In 1926, the American motor vehicle firm General Motors (Australia) Pty Ltd established assembly plants in Melbourne, Perth, Brisbane, Adelaide and Sydney to produce motor vehicles for the Australian market. Sydney architects Ross and Rowe were commissioned for the Sydney plant (6-10 Carrington Road). The design was to comply with all the conditions of a modern assembly plant and to provide the best possible conditions for all employees, according to GM’s magazine Motor Progress. The NSW Premier, the Hon. JT Lang, opened the factory declaring:
Factories were the milestones along the road Australia must travel to become a self-contained nation whose secondary industries would absorb her primary products . . . there is no market like that created by the employment of local labour . . . and it will be a striking advertisement to the world of this country of ours.
General Motors – Carrington road, Marrickville
General-Motors purchased Holden in 1931 during the Depression (fearing it would be snapped up by a competitor) and continued to operate there until 1939. The factory then produced tyre cord until 1961 after being taken over by Davies Coop, a significant
corporation in the Australian textile industry in the Twentieth Century.
Other businesses were established close to General Motors. AH Peters (16 Carrington Road) made bodies for trucks and utilities including ambulances used all over NSW.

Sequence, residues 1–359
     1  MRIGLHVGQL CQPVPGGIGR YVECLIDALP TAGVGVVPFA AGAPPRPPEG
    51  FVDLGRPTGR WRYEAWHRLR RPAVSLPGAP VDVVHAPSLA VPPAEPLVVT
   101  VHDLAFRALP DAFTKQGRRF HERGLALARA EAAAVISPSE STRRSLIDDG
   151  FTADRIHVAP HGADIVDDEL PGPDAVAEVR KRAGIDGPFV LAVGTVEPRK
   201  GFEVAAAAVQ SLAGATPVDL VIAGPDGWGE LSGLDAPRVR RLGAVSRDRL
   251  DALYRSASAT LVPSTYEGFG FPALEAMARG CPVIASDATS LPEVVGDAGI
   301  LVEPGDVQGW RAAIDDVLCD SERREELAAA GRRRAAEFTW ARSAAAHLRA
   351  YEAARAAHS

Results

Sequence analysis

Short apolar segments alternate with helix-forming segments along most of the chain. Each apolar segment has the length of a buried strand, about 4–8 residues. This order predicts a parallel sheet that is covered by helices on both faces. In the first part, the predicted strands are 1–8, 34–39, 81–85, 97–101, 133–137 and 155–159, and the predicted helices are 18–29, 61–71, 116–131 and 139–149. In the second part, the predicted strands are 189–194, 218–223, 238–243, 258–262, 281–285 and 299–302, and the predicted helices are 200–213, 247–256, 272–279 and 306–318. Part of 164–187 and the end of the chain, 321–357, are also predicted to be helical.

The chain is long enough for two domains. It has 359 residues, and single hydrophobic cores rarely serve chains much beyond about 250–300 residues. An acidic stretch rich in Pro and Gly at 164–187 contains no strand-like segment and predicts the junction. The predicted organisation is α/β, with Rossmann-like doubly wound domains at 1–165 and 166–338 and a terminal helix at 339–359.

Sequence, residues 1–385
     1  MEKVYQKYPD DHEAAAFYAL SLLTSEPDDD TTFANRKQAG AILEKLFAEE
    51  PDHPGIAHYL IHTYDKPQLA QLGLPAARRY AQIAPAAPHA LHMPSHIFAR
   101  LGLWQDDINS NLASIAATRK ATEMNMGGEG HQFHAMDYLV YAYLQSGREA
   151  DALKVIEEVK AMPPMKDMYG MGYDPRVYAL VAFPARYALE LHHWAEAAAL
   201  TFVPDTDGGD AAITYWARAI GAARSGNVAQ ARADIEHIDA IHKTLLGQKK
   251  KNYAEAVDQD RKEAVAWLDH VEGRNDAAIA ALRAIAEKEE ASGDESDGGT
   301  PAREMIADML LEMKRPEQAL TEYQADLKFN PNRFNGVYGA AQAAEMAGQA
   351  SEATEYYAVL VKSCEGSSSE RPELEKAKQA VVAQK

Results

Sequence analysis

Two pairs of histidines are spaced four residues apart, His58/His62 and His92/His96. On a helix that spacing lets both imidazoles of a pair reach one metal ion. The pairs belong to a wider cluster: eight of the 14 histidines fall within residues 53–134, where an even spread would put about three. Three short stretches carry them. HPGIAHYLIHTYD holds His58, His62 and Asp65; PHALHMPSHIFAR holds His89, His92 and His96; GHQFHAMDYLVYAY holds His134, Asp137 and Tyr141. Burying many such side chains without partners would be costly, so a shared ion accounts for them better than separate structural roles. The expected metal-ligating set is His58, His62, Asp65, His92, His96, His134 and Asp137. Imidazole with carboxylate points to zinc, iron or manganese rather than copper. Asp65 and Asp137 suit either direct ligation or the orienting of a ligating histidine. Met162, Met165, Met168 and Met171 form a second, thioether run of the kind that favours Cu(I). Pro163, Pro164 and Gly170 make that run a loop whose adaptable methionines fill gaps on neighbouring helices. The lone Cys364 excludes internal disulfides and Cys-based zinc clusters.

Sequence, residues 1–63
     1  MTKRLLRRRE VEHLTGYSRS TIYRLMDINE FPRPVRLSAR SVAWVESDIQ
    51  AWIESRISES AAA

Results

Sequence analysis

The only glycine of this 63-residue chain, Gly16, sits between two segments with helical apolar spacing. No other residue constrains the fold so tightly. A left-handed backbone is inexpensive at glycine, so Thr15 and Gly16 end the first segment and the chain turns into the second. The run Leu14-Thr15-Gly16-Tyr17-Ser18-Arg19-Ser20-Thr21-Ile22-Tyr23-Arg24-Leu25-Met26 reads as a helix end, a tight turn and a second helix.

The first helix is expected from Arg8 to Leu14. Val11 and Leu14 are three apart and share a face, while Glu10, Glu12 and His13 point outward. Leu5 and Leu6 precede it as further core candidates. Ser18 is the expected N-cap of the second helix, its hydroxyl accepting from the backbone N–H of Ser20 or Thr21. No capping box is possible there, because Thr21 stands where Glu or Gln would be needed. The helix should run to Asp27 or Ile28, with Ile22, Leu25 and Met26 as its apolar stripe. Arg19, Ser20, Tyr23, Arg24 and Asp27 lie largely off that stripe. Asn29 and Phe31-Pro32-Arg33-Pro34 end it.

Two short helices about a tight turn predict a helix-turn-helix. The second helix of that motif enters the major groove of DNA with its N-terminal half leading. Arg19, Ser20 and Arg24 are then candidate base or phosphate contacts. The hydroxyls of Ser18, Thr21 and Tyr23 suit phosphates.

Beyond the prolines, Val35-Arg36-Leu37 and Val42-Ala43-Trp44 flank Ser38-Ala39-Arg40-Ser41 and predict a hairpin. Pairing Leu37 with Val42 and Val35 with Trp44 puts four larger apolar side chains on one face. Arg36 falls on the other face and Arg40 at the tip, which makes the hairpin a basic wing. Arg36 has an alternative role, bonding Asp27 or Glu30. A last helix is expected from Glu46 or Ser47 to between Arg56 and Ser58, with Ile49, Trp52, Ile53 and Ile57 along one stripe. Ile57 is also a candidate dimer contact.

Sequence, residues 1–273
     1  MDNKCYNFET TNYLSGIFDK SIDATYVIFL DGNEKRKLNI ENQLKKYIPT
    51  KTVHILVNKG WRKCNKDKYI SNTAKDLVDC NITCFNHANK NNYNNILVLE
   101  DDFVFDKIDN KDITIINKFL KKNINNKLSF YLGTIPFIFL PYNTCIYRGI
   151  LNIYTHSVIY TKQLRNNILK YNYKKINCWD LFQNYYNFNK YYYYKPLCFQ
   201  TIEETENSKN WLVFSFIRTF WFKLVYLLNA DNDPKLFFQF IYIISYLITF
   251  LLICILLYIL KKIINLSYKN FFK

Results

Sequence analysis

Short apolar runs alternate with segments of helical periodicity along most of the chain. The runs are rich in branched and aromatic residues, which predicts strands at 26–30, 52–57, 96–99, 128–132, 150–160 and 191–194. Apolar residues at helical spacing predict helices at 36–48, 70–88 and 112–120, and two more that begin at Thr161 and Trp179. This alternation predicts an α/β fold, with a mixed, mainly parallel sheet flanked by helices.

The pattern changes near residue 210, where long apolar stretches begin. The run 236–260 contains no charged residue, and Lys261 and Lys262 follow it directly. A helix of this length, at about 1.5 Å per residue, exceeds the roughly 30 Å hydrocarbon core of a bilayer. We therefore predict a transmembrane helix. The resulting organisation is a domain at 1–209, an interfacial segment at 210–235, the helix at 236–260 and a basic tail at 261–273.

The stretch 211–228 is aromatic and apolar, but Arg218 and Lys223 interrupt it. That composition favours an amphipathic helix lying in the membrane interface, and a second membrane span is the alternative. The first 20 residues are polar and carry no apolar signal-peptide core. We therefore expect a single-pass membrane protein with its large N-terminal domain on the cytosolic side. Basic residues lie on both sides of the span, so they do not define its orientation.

General Motors – Opening Day 30 October 1926. Source: General Motors Australia
In our first post, we introduced the General Motors-Holden factory on Carrington Road Marrickville. It’s still here today but we thought we’d share more about this historic building on its opening day on 30 October 1926.
The building was opened in front of enthusiastic well-wishers. Staff, dealers and suppliers celebrated the future of Australia’s motor trade. Buicks, Cadillacs, Chevrolets and Olds mobiles lined Carrington road.
Lang is welcomed by Innes Randolph, Managing Director of General Motors in Australia, and JT Potter, Manager of the Sydney Branch. Source: General Motors Australia
The crowd watched NSW Premier Jack Lang shake hands with the General Manager, Innes Randolph. Lang was not known for being cheerful, but photos from the day show him grinning with pride at the opening of the new factory. JT Potter is behind them – he chose the Marrickville site and oversaw construction.